Charlotte Hornets Need a Long Term Plan


Charlotte Hornets Need a Long Term Plan

The city of Charlotte does not have a long and storied NBA history. The old Charlotte Hornets were a good, but not great team, and the new Hornets/old Bobcats have mostly been a disaster in the Queen City.

In 25 years of professional basketball, Charlotte has won 50 or more games twice, and zero times since the city was awarded the expansion Charlotte Bobcats. Nine times the team has finished with a winning record, and only twice has the franchise done that since the rebirth in 2004.

That is two winning seasons in 11 years, including four of the last five. Rock bottom was hit in the 2011-12 season, when the team went 7-59 in a season shortened by a labor dispute.

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However, there is reason for optimism. Kemba Walker is an unconventional, but effective player. He easily could have been an All-Star this year, and it seems only a matter of time before he earns that distinction.

The team lured a big time free agent in Al Jefferson, and rebranding the team back into the familiar Charlotte Hornets has energized the fan base and earned some new fans.

The Sports Business Journal reported that the Hornets were in the top five for ratings increase from last year, as the local TV ratings have increased 52% over last year.

On the court, this year, the team has taken a step back, as injuries have taken a toll on the roster, and Charlotte is currently battling to get back into the top eight. Although help is on the way with Kemba Walker nearing a return, it is still far from the early season expectations.

Worse, that prized free agent the Hornets lured in Jefferson, has an option in his contract to go back on the open market at the end of the year. So the Hornets could be without one of their best players. Jefferson has been the rock this team has leaned on, and is easily their best one on one scorer.

Their recent acquisition in Mo Williams is also a free agent after the season, and while I would certainly advocate the Hornets try to keep him, he is an aging veteran and his departure would only hurt their bench depth with Kemba Walker signed long term.

Really, though, the bigger question is about the future of this team and what kind of team the Hornets want to build. A tough, defense first team with some old school back to the basket scorers along with guys who can shoot spacing the floor sounds good to me. However, with Lance Stephenson still on the books for another year, and not much shooting on the roster outside of Williams, maybe Charlotte should go in another direction.

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Right now, head coach Steve Clifford abhors the fast break, and tries his best to slow the pace of the game and control the tempo. He does not want his team to get into a run and shoot game with the opposition.

However, other than Jefferson, this team has no post-up threats, and only Walker and Williams are threats to drive into the paint. Gerald Henderson is athletic, but he has shot only 30% from the three point line for his career. Michael Kidd-Gilchrist has not even attempted a three the entire year.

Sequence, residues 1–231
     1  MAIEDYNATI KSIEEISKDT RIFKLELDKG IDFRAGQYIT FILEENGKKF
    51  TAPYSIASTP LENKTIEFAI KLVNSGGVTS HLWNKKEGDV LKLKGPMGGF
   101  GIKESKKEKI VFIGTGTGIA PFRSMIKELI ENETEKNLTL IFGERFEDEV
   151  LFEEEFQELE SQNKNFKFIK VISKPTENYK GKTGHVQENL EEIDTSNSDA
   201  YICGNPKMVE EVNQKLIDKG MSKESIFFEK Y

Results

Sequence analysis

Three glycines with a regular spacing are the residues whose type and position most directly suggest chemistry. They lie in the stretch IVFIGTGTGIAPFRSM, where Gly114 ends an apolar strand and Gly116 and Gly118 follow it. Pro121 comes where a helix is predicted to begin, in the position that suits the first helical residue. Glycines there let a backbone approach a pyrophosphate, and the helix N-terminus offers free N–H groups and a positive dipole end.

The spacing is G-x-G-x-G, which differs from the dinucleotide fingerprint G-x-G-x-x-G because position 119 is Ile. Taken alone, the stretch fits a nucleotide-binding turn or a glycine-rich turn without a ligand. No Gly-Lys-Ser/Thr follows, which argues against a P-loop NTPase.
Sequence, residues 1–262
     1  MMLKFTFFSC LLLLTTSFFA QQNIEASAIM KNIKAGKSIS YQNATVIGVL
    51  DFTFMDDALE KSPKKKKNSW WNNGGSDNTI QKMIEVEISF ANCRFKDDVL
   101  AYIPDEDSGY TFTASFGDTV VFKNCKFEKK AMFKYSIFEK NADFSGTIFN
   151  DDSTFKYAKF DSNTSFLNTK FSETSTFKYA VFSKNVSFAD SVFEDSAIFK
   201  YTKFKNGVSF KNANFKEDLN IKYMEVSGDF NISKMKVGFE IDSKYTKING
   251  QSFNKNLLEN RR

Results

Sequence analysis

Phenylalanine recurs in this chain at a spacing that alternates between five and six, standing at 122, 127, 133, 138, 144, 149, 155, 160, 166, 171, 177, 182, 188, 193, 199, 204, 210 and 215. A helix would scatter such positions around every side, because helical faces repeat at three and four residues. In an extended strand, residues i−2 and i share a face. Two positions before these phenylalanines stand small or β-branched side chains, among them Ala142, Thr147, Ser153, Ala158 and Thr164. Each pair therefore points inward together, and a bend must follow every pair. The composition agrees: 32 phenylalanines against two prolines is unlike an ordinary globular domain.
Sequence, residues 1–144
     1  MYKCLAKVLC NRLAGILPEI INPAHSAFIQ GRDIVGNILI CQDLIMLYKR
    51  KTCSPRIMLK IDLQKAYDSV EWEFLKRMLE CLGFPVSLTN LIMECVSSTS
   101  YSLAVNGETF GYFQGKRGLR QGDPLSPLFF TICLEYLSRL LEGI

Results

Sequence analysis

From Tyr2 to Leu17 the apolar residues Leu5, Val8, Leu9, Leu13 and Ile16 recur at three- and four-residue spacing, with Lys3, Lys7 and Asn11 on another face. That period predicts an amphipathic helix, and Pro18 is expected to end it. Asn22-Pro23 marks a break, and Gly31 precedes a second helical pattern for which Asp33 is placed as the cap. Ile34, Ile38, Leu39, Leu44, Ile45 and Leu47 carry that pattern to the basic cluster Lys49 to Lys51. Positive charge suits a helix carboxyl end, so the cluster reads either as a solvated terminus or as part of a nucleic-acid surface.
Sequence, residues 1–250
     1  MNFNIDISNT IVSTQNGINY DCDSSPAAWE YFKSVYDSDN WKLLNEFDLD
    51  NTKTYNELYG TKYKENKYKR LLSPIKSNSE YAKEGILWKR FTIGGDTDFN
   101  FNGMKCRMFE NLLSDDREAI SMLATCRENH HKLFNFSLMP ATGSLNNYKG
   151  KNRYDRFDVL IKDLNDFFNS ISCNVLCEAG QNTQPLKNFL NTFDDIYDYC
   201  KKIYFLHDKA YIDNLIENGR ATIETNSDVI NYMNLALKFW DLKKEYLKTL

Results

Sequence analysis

Lance Stephenson is a disaster from the outside and Marvin Williams, probably their best perimeter shooter, hits only 33% from beyond the arc.

Stephenson, Marvin Williams, Kidd-Gilchrist and Henderson are all under contract for next year, for a combined $28 million. Given the situation the Hornets are in, maybe it makes more sense to try a different approach.

Maybe the Hornets should embrace the fast break, as a starting squad featuring Stephenson, Walker, and Henderson would be a fast and athletic group running the floor. Change the defensive style to a more aggressive approach looking for steals.

Or perhaps go the other way. Henderson and Kidd-Gilchrist have value, and could easily be traded away. Stephenson would be tougher, but with that third year being a team option, any club acquiring him would only be on the hook for one year. That might entice a desperate general manager to take a calculated risk.

There are plenty of lower rung free agents in the summer of 2015 who can shoot that could be enticed to come to Charlotte. Gerald Green, Wesley Johnson, Luke Babbitt, and Wes Matthews will be available.

Not just that, but old school big man Greg Monroe is also an unrestricted free agent this summer. A Monroe-Jefferson front court with Walker, Mo Williams, and someone of the Johnson/Green/Babbitt/Matthews group would be a formidable offensive starting five.

Either way, it is obvious that the current roster has some quality NBA players on it, but that they do not always play well together, even when giving maximum effort.

If the Hornets truly want to compete with the upper echelon of the Eastern Conference, then they need to map out a long term strategy for their team. Rich Cho, Michael Jordan, and Steve Clifford need to sit down this spring and decide exactly what kind of team the Hornets are building, and the kind of players they need at each position to implement the plan.

Fans like the return to the old Hornets brand. They like that the team has gotten more competitive. However, if Charlotte does not continue to improve and provide a long term sustainable brand of success then these gains will be short lived.

North Carolina loves basketball, but the Tar Heels and Blue Devils provide tough competition to any professional team, and if the Hornets do not give their fans something to cheer about, they will not just stop cheering.

They will stop coming, and stop watching.

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